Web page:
My name is Karen Young. I have taught for 39 years in Northland schools. 28 years in my most recent school….and yes as long term classroom teachers in our small rural schools we have taught many generations of our local families and know these children extremely well and know how to build on their strengths so we can start building on their weaknesses….but in a three day visit by ERO my knowledge, empathy, dedication and career was destroyed….I have been on sick leave for two terms. I empathise with you Mrs Central North Island school teacher.
    PS: And I got not help from NZEI….thats my next story for Kelvin.

    • Kelvin says:

      My heart and full support goes out to you Karen.
      I only hope NZEI understands the organisation is hovering on the brink of disaster for itself and schools.

  2. Paul says:

    Where is the Principal/

    • Margaret Lange says:

      Principals are in a difficult position. There have been many instances lately of them being hounded out of the profession on sometimes rather dubious grounds because they have kicked against the pricks. (Note to ERO – this last bit is in no way intended to refer to any of you personally. It is just an apt quote from a best seller and an analogy worth investigating.)

      • Paul says:

        I understand but don’t agree Margaret. Principals have mana, if they do, because they have a moral purpose and set, with others, the moral tone of their school. To allow this stuff to happen means that they have not acted morally in an education sense, a leadership sense, or if the sense of being decent human beings. First they came for the teachers …

  3. Sue McIntosh says:

    These stories are becoming far too ‘normal’ and they are totally unacceptable. I became the victim of ERO/stat manager bullying 5 years ago. I was fortunate to be given a break by an understanding Prinicipal and rebuilt my confidence. However, my confidence in the system has been shattered – I have now left NZ to start a new life and career in ECE in Aus. I like to think I am missed as teaching was my life, just ask my husband. Oh and I got ‘help’ from NZEI too but that’s another story!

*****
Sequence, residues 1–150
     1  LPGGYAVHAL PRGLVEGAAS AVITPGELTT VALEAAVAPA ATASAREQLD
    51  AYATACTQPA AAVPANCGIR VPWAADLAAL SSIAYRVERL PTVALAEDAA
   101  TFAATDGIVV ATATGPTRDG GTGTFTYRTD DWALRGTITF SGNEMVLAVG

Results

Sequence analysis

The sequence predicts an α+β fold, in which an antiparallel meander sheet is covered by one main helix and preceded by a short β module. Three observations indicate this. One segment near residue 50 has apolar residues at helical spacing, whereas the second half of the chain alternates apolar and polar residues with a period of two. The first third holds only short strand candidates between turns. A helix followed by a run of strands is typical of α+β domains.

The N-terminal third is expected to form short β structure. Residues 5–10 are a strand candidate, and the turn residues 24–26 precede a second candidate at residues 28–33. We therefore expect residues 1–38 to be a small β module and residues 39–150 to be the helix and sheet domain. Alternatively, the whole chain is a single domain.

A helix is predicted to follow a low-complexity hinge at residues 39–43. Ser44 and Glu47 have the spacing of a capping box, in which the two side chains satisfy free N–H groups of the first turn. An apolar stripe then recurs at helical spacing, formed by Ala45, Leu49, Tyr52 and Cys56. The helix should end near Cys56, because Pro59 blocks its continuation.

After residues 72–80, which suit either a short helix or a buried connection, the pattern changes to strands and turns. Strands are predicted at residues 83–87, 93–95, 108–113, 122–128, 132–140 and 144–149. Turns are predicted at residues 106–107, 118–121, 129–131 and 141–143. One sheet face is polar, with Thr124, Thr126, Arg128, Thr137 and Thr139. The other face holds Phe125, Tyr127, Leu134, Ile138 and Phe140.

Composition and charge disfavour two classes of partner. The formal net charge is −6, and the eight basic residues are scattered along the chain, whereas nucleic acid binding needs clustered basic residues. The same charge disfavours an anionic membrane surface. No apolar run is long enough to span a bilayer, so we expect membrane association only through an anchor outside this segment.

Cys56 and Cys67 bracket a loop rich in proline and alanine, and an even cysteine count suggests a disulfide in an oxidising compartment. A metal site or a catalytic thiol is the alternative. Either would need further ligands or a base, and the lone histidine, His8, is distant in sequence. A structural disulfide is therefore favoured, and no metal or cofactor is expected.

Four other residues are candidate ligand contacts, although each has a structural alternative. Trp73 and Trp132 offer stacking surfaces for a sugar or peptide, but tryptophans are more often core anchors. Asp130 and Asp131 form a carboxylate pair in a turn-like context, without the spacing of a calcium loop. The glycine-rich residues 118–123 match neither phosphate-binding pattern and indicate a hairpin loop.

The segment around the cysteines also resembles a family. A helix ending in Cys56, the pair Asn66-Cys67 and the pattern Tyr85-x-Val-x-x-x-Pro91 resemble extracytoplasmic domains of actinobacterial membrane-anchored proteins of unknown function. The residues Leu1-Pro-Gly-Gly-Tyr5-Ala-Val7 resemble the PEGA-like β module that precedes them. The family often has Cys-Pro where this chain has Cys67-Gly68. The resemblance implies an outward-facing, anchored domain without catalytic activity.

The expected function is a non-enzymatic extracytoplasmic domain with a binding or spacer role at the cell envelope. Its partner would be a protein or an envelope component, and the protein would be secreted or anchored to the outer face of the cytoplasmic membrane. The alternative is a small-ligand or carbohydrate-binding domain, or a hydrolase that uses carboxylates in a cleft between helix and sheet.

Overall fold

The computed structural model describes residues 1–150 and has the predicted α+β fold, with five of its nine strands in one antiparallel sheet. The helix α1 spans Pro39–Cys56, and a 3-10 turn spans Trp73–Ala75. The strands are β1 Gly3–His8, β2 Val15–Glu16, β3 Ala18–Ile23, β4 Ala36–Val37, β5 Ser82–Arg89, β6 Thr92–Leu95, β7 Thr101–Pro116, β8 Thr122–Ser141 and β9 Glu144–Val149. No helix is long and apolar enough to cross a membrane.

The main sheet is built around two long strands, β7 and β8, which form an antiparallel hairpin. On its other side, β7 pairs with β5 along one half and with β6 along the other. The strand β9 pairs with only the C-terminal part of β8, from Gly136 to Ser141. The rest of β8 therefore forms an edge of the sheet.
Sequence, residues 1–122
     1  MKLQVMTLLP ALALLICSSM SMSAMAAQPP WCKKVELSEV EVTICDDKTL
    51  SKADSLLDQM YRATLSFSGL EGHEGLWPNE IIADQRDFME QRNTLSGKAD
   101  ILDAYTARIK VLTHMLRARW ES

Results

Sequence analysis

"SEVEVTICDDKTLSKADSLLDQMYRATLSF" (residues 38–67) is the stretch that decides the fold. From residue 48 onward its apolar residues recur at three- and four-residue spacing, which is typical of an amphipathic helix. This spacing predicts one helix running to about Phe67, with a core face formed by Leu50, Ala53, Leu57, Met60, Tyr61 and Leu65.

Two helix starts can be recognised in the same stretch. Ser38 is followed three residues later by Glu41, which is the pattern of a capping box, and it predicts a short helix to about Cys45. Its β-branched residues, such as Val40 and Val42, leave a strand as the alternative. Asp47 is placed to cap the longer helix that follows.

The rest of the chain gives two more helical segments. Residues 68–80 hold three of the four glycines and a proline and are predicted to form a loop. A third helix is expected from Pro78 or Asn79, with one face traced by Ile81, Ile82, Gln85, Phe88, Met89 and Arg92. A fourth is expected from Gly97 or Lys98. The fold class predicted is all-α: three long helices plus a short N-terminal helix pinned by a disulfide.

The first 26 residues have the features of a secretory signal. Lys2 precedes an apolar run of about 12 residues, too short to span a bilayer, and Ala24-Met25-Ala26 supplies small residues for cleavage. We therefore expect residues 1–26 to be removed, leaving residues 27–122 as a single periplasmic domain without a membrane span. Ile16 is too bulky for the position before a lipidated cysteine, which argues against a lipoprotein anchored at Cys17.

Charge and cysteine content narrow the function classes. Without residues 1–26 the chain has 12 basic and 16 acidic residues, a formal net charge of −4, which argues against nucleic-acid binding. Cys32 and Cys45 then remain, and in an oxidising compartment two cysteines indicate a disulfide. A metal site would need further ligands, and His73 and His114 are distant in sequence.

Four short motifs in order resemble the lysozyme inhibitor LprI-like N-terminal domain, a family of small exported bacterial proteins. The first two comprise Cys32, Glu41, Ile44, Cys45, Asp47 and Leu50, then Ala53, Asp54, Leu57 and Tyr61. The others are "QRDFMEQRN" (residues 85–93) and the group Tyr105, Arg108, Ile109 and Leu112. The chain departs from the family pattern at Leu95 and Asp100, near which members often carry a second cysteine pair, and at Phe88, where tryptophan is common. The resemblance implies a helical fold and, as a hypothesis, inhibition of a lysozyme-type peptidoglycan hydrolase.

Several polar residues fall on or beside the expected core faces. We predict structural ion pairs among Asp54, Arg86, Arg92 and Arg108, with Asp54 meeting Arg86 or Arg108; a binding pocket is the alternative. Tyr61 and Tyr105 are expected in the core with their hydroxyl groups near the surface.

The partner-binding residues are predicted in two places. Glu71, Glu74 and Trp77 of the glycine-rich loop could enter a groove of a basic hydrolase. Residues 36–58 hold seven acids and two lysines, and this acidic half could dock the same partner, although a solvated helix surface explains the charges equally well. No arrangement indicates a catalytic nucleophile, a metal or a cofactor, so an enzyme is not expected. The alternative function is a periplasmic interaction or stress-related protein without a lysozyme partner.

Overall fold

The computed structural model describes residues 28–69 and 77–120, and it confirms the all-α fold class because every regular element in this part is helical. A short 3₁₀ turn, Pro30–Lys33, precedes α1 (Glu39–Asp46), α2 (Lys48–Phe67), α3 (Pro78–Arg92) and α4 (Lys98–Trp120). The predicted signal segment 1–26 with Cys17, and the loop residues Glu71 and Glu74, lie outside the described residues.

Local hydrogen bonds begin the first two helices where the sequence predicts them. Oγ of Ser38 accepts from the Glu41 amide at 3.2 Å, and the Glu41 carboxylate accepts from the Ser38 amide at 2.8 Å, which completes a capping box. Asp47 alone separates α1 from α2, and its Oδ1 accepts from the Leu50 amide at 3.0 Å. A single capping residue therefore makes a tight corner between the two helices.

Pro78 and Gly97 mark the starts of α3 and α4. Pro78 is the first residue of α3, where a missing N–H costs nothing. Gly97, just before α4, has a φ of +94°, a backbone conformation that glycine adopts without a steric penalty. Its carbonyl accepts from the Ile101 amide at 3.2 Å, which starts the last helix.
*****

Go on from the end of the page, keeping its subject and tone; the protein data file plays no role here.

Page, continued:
4. Melulater says:

    I’m very wary of these PLD/Appraisal companies that have invaded our appraisal processes. I was surprised to see a principal introduce it to a school late last year before getting it ratified and budgeted by the BOT. My biggest concern about these, is not how supposedly fabulous these companies will be for streamlining and homogenising the appraisal system (text doesn’t convey my sarcasm), but how the data may, can and will be used against individual teachers.

  5. Colin Tarr says:

    Kia ora colleagues
    What did the central North Island School teacher’s principal know, say and do about this state of affairs they chronicle? And Karen Young and Sue McIntosh – what did your principals know, say and do about the situations that you report on here?

    • John Carrodus says:

      When my school was ERO’d once, it was not till six months later I found out that one of my best teachers who has gone on to great things,was left in tears in her classroom. She was too embarrassed at the time to tell anyone including her department head. In similar cases as testified in the previous accounts, over the last few weeks in particular, it is obvious the principals themselves have also been professionally abused. Nastiness and bullying is fife and has become the normal modus operandi in many spheres of bureaucratic management. Shortly before I retired I became concerned by the number of advisors in schools who appeared to have had paramilitary training,who burned with an almost mad suicide bomber jihad fever. God help those schools. It is no wonder that many schools now appear to be turning into soulless digital caves where children sit hooked into their electronics all day while a frazzled stressed out teacher works one on one with one of their clients who was able to book a ten minute conference a day or two earlier. God help those poor kids.